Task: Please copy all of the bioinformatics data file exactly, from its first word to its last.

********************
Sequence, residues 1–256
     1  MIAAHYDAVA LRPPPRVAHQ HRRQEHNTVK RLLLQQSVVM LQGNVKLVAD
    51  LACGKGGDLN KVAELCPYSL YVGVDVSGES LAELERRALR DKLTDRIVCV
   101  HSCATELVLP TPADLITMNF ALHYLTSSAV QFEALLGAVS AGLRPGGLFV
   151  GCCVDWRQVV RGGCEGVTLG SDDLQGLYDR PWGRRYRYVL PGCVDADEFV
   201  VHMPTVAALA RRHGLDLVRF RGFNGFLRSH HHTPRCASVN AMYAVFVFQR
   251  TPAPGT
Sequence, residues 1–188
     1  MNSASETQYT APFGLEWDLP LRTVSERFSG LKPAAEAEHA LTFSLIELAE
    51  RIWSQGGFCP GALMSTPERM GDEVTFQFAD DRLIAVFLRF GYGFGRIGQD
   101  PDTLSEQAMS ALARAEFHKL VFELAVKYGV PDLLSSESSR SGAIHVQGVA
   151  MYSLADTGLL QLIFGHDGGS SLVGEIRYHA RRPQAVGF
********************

Sequence, residues 1–256
     1  MIAAHYDAVA LRPPPRVAHQ HRRQEHNTVK RLLLQQSVVM LQGNVKLVAD
    51  LACGKGGDLN KVAELCPYSL YVGVDVSGES LAELERRALR DKLTDRIVCV
   101  HSCATELVLP TPADLITMNF ALHYLTSSAV QFEALLGAVS AGLRPGGLFV
   151  GCCVDWRQVV RGGCEGVTLG SDDLQGLYDR PWGRRYRYVL PGCVDADEFV
   201  VHMPTVAALA RRHGLDLVRF RGFNGFLRSH HHTPRCASVN AMYAVFVFQR
   251  TPAPGT
Sequence, residues 1–188
     1  MNSASETQYT APFGLEWDLP LRTVSERFSG LKPAAEAEHA LTFSLIELAE
    51  RIWSQGGFCP GALMSTPERM GDEVTFQFAD DRLIAVFLRF GYGFGRIGQD
   101  PDTLSEQAMS ALARAEFHKL VFELAVKYGV PDLLSSESSR SGAIHVQGVA
   151  MYSLADTGLL QLIFGHDGGS SLVGEIRYHA RRPQAVGF